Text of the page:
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Last year, the Social Security Trust Fund paid out more than it received in tax revenue. By 2039, the Congressional Budget Office projects that the trust fund will be exhausted, at which point either benefits will have to be cut by 20 percent or taxes increased by 25 percent.

We’re likely to encounter problems well before 2039. In a few more years, the reserves of the fund will begin being drawn down as payouts increase beyond the combination of tax revenues and interest income. Between then and 2039, $2.5 trillion in government securities will have to be sold on a global bond market whose ability to absorb U.S. debt is already straining credulity.

Deficit doves, like the Brookings Institute, tell us there is no reason to worry and that there is plenty of time to tackle the problem. These assurances are no more credible than those of the teachers unions, who tell us our schools are doing great. Social Security is like the Titanic — it will not stop and turn on a dime. If we are to avoid crashing into the icebergs before us, we must begin turning the rudder now.

Social Security is primarily old age insurance. And as insurance, it gets the most bang for its buck when it insures against very old age, focuses on the first dollars of retirement income, and is sufficiently solvent to guarantee, beyond a doubt, that it will be there for future retirees.

A good reform proposal, therefore, might be the following: Make up half of Social Security’s shortfall by raising the retirement age to 70, and push the program into surplus by reducing benefits for the top 70 percent of earners. A bad reform proposal would involve pegging the rate of increase in benefits to a lower-than-inflation rate — changes like this would fall harder on the very old than the merely old. There are many ways to do the math — the conservative preference should be toward raising the retirement age and cutting benefits for the non-poor.

Beyond the immediate steps that are necessary to bring Social Security back into solvency, Republicans should also seek to improve the rate of return on the Social Security Trust Fund. A dollar invested in the Trust Fund in 1940 would have grown to roughly $225 today. That same dollar, invested in the S&P 500, would have grown to $1500. The problem is not just one of having less money to hand out to our elderly — by turning the Trust Fund into a captive customer for Treasury bonds, the interest on our debt has been kept artificially low and fueled the discretionary spending binges that have gotten us into our current mess.

One solution is to convert Social Security into individual accounts. Sadly, this policy will not be a viable option this time around. In 2005, on the heels of George W. Bush’s re-election, the GOP made a push to mend our broken Social Security system. At the heart of their proposal were individual savings accounts. Individual savings accounts held two significant advantages over the existing system. Firstly, they removed much of Social Security’s bias against shorter-lived demographics. Secondly, they allowed for the investment of Social Security funds in higher-yield assets than government bonds.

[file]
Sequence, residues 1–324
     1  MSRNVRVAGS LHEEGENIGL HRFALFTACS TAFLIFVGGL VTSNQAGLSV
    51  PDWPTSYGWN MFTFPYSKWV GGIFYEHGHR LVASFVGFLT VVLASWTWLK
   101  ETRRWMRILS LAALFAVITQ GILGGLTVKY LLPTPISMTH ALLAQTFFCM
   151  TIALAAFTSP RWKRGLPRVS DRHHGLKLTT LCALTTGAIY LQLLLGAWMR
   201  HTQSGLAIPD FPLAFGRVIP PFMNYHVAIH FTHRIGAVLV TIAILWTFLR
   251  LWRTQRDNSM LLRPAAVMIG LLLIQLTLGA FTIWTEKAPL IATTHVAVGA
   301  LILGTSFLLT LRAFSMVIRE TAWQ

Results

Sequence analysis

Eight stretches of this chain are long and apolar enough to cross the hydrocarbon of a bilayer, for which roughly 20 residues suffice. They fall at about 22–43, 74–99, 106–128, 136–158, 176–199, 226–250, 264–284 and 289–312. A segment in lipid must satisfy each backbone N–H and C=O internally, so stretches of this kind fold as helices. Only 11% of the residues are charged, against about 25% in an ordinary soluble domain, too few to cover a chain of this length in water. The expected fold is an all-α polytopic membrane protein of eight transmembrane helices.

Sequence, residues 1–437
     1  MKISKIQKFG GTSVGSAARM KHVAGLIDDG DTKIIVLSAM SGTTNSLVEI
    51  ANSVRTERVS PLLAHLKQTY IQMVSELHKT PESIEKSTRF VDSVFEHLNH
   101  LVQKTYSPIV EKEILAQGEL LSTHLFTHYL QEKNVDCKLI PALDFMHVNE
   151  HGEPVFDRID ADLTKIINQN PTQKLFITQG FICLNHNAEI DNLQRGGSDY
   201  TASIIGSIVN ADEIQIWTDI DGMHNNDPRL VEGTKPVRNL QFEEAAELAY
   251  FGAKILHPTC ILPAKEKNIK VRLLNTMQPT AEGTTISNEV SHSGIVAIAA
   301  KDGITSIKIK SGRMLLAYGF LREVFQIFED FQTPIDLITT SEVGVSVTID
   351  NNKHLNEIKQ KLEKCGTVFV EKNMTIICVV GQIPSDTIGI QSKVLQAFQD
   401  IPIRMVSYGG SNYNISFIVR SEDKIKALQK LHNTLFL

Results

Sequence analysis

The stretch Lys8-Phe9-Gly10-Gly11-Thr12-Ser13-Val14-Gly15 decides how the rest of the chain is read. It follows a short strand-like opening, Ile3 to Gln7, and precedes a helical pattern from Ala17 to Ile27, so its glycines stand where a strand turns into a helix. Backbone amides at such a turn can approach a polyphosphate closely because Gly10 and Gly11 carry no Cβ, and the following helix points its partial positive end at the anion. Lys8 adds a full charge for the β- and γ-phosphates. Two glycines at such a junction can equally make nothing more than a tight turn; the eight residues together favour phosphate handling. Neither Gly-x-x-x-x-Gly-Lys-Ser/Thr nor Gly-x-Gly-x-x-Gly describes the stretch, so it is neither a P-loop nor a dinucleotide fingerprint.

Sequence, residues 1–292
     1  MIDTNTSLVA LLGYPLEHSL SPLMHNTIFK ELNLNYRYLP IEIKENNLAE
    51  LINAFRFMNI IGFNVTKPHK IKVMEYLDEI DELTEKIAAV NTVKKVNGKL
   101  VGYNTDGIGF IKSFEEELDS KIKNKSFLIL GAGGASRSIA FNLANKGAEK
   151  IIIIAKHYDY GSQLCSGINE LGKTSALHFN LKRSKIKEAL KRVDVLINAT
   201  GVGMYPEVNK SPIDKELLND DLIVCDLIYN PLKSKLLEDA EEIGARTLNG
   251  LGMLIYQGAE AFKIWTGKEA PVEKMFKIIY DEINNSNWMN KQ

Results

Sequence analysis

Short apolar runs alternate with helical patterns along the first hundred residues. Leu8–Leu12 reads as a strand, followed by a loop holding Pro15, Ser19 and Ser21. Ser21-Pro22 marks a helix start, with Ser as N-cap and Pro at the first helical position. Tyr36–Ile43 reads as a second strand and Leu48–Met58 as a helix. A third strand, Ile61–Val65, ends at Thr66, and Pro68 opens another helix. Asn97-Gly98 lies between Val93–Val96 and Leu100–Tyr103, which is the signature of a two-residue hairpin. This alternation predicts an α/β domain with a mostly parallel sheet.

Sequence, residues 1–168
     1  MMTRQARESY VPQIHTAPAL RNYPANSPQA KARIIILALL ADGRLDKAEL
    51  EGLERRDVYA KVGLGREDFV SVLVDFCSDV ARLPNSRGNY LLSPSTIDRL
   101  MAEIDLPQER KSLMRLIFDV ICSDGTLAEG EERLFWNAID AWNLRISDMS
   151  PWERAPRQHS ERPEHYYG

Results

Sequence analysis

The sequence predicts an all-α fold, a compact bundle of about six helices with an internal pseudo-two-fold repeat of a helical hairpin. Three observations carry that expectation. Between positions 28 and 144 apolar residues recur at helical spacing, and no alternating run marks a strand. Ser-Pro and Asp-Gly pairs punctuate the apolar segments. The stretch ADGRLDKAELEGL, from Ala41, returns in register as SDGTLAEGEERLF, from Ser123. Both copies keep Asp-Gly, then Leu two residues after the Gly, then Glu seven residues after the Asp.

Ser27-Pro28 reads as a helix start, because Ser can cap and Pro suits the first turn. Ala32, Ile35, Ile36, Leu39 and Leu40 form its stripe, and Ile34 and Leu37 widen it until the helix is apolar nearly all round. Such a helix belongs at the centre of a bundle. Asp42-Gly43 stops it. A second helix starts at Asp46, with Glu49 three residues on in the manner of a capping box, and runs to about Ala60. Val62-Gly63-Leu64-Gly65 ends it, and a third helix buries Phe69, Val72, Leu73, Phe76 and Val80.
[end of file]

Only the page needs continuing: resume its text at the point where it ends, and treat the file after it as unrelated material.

The fixes were torpedoed by Democrats, who managed to scare the elderly into thinking their overly generous goodies were being touched, convinced the demographics that stood the most to gain from the reform — blacks and Hispanics — that Republicans were out to get them, and riled up their reflexively anti-free-market base with the word “privatization.”

The battle for individual accounts has been lost. Republicans, as they craft their reforms, are going to have to avoid making individual accounts a component of the new system.

If private accounts are taken off the table, we are left with one option for improving yield and avoiding the temptation to spend the Trust Fund’s bond-buying fuels: The Social Security Trust Fund should be transitioned from a creature of the Treasury Department to something more closely approximating a sovereign wealth fund, free to invest wherever the gains are deemed the highest.

The challenge inherent in giving the Trust Fund the freedom to invest in the highest-returning assets is that their decisions could be politicized. Michigan representatives will argue that the fund should focus on spurring job creation (read: propping up automobile companies). Green types will demand that the fund invest in renewable energy. Health groups will fight against the purchase of cigarette company stocks, foreign policy types will push for divestment from the latest foreign enemy, populists will battle to exclude financial stocks from the fund, and so on.

Fund management should be set up like the Federal Reserve Board — appointed but independent. And its mission should be clearly stated: to maximize the pool of money available to our retirees, with few statutory restrictions on the options that it can pursue.

Done correctly, modernization of the Social Security Trust Fund will not only improve the solvency of Social Security, but it will remove one of the greatest forces that has propelled us toward big government. As deficit hawks, elected by a public eager for belt-tightening, Republicans have few areas better to advance their agenda than Social Security.